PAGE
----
Banking / Finance

Big Data and Payments Drive Loyalty in Consumer Banking

With less than 3 weeks left to Sibos I am eagerly awaiting the start of the conference. One of my favorite events within the event is Innotribe – a forum for forward thinking debate, discussion on innovative technologies, learning about new solutions, and collaboration through exchange of ideas. This year I am intrigued by the intersection of big data (and large amounts of little data) with the payments business, and will follow the conversation at Innotribe. Specifically, my interest is this: can the payments business become the foundation for growth across the bank – to both retail and business segments? Today I’ll address the retail banking customer segment, and address the business segment in a subsequent post.

The Customer Loyalty Conundrum

Banks face a customer loyalty challenge. Research from Capgemini and the European Financial Marketing Association (EFMA) indicates that consumer customer loyalty risk averages 40% globally. Four out of ten customers are unsure if they will remain with their bank for greater than one year. Furthermore, 53% of customers at risk cited ‘quality of service’ and 49% stated ‘ease of use’ as the primary reasons they would switch banks. This counters the traditional wisdom which places a lack of trust in banks (following the financial crisis) and fees as the dominant issues driving customer churn. The Capgemini/EFMA study correlates closely to unrelated research from Celent into the uses of Big Data in financial services. Fully 75% of bank respondents identified marketing and customer experience as areas where Big Data projects would be deployed. With the cost of new customer acquisition being higher than customer retention, banks clearly have the need to increase customer satisfaction and loyalty. Interesting. Does the payments business connect the two trends?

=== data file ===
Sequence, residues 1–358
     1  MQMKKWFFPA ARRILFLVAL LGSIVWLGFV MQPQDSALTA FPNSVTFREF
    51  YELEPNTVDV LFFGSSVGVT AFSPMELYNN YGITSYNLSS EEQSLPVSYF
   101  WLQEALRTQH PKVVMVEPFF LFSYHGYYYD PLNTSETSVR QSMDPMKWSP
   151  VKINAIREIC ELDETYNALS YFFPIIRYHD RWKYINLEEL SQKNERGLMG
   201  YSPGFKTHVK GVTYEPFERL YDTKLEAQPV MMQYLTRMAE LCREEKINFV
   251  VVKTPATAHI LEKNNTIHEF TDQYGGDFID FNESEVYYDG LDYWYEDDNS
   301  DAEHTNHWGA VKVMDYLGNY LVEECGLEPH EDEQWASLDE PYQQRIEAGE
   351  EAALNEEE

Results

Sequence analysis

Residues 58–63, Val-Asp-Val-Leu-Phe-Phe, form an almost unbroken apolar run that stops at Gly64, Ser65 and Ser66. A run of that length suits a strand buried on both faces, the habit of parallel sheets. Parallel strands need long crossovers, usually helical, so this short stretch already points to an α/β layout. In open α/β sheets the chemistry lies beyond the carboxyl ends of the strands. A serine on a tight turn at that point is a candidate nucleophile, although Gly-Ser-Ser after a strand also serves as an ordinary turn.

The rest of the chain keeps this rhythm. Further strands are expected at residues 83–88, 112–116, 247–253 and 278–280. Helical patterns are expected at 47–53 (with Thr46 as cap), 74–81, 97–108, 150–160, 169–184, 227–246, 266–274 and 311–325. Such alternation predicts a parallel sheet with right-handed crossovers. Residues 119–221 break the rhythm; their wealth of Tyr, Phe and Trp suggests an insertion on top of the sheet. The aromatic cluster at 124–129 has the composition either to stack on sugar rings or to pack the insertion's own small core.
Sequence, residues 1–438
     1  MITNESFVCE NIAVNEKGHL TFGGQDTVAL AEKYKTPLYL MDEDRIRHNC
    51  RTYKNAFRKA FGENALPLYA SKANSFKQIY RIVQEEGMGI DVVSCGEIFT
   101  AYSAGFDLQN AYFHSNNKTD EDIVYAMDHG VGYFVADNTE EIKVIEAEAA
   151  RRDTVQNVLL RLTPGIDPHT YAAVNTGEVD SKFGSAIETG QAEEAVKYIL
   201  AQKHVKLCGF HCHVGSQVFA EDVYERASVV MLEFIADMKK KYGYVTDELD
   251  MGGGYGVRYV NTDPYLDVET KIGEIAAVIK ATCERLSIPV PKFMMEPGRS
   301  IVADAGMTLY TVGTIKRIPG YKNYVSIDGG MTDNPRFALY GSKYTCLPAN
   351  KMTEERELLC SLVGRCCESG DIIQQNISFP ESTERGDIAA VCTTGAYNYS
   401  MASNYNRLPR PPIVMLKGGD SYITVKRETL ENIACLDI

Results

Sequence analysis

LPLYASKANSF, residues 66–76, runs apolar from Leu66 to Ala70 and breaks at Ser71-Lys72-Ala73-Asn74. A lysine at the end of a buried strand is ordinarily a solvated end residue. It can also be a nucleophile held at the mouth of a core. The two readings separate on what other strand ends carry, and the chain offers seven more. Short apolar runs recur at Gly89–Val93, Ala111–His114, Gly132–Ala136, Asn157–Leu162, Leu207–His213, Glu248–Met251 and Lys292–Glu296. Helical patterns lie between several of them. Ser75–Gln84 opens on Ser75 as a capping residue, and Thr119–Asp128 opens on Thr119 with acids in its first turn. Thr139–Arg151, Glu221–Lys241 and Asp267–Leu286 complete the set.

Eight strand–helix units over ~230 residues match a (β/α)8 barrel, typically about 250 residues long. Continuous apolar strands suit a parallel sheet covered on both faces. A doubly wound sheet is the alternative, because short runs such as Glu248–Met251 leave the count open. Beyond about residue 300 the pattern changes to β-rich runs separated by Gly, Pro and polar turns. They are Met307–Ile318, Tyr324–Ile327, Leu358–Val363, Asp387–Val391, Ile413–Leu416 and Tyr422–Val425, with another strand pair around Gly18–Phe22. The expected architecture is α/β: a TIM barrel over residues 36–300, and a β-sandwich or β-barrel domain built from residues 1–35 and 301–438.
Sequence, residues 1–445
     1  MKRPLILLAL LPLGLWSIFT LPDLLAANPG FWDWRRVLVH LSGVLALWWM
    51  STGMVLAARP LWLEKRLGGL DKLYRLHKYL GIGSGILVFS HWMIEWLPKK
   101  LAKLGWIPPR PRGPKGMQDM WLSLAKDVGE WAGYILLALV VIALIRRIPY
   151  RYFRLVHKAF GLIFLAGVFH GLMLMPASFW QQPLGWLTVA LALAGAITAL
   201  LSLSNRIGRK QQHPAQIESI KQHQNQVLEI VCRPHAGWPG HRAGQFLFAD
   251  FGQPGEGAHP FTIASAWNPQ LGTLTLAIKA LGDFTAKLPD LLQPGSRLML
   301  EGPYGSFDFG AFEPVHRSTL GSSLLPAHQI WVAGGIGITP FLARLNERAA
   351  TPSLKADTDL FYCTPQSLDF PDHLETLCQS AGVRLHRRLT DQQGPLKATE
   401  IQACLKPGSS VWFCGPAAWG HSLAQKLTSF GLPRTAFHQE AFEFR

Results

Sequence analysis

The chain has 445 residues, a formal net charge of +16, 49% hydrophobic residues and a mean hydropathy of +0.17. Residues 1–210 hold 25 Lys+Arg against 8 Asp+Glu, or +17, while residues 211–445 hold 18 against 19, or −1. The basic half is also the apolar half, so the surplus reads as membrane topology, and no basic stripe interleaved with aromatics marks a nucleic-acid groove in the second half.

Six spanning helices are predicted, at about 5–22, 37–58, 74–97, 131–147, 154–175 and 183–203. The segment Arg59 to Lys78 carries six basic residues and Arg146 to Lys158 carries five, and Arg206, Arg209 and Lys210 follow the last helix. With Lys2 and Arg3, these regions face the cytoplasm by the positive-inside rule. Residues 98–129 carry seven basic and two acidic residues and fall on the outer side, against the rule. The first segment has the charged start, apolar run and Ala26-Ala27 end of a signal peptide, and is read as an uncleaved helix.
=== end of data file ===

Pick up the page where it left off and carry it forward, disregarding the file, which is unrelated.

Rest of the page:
Big Data and Payments to the Rescue?

Earlier this year I surfaced the idea that banks need to move their payments business to an information business in order to remain competitive. The premise was that banks are missing out on an opportunity to become more influential in influencing where people shop and what they buy, rather than just how they pay. Of course we have seen several major banks dive into the world of card-linked offers. Some solutions I’ve looked at appear to develop better offers than others, and the key to success with this is the depth and reliability of the purchase data and the data analysis to drive and targeting the offers. By analyzing spending habits of customers, comparing to a broader universe of payments data, demographic information, social media connections and location information, it is possible to drive valuable and desired offers to customers that might change shopping behaviors.

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